Under the last set of POTF recommendations, the POTF advised that Civilian Police Complaints (CPCs) that did not involve use of force (including officer-involved shootings) should be decided by the ED, who would prepare the Public Record Letter, with potential appeal to a rotating subset of the POB. [Note: this refers to a recommendation of the POTF that CPCs appear before a small subset of the Board. The intention of this recommendation was to free the time of the entire Board to do policy work] This was intended to free up time for the POB to look more deeply into patterns of officer misconduct, to analyze whether the misconduct came from individual officer character flaws, ineffective training, defective policy (causing officers to be trained to do the wrong thing), or other.  (See below for why I think analysis and policy is important.)

In contrast to the ordinance which was passed, POTF recommended that decisions about use of force complaints should be decided by a rotating subset of the POB – that is, NOT by the Executive Director, with appeal to the full POB.The Public Record Letter would be prepared not by the ED, but by a subset of the POB.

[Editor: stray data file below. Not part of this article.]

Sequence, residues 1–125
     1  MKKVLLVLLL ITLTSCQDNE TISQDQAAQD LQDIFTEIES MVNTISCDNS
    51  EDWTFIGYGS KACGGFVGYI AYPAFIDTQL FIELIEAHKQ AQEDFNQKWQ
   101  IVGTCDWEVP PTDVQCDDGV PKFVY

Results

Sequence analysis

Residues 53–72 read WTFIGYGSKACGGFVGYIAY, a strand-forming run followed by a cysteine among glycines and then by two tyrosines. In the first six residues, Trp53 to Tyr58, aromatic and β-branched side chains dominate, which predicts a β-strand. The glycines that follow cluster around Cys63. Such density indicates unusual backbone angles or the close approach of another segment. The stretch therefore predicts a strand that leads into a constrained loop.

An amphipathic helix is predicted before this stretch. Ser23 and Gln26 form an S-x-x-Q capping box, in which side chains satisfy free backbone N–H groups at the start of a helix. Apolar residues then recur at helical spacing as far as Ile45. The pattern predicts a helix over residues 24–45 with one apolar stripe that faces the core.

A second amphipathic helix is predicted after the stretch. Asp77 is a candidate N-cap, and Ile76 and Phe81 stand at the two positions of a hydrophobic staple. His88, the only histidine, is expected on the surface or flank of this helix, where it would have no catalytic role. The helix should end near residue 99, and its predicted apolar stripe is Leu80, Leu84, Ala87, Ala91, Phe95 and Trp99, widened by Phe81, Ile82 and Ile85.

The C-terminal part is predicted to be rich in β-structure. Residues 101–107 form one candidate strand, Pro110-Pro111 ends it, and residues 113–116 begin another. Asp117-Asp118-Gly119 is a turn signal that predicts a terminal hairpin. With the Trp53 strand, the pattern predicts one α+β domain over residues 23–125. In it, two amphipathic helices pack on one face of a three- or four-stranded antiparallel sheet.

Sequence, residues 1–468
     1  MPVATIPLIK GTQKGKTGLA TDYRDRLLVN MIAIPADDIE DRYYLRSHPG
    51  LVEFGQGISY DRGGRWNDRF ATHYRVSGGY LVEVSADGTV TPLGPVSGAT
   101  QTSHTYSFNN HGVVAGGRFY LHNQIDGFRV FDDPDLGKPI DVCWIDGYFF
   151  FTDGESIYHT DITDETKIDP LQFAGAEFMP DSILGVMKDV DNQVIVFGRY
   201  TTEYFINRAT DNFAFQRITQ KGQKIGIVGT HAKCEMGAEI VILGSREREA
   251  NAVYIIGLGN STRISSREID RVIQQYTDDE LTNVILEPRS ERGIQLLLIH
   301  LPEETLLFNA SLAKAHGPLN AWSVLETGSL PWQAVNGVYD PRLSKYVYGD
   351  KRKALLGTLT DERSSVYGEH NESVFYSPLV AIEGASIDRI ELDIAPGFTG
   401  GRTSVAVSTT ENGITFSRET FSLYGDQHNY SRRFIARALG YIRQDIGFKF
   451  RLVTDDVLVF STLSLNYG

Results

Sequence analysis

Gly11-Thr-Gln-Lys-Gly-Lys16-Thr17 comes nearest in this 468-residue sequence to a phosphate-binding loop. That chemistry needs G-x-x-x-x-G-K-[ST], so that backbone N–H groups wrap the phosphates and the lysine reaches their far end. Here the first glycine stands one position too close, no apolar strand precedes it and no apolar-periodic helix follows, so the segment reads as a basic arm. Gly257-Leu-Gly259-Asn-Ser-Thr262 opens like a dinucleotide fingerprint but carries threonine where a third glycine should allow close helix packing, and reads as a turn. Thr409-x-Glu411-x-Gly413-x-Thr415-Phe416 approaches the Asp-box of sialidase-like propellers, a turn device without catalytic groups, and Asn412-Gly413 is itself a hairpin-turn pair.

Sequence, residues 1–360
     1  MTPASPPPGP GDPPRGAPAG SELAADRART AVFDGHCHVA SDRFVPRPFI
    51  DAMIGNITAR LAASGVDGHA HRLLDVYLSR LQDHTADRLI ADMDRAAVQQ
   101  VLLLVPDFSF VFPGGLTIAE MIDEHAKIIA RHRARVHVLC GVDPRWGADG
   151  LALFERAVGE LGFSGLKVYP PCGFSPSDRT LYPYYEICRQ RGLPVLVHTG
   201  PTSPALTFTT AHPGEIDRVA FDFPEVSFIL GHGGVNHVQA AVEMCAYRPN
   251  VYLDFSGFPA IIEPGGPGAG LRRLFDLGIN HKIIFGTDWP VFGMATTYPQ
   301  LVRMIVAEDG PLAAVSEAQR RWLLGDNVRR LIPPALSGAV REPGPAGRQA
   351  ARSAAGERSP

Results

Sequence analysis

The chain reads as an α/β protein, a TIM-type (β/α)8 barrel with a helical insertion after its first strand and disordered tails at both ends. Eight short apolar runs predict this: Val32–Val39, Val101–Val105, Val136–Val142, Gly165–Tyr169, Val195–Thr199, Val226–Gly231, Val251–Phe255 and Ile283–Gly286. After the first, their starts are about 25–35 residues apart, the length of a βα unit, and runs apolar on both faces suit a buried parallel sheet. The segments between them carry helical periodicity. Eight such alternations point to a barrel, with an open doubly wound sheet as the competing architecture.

The important thing about both of these sets of appeals was that the POTF recommended that upon initial consideration of use of force complaints and on appeal of both non-use-of-force and use-of-force complaints, both the subset of the POB or the full POB had the power to re-open the investigation if there was dissatisfaction with the way the investigation was conducted or if there were unanswered questions. As noted above, the ordinance as passed eliminates the power to re-open or expand the investigation. In most instances, the POB has to rely upon the investigation conducted or directed by the ED, with no recourse to looking behind the investigation to see what might have been missed. This is a serious and fatal flaw in the ordinance.

To reiterate, it is a fatal flaw because the ordinance strips a complainant of the right to speak during the investigatory phase leading up to the creation of the Public Record Letter. A complainant only has the right to speak at a hearing on reconsideration. By that time, the investigation is closed, no matter how much evidence contrary to the ruling the complainant is able to provide at the appeal hearing.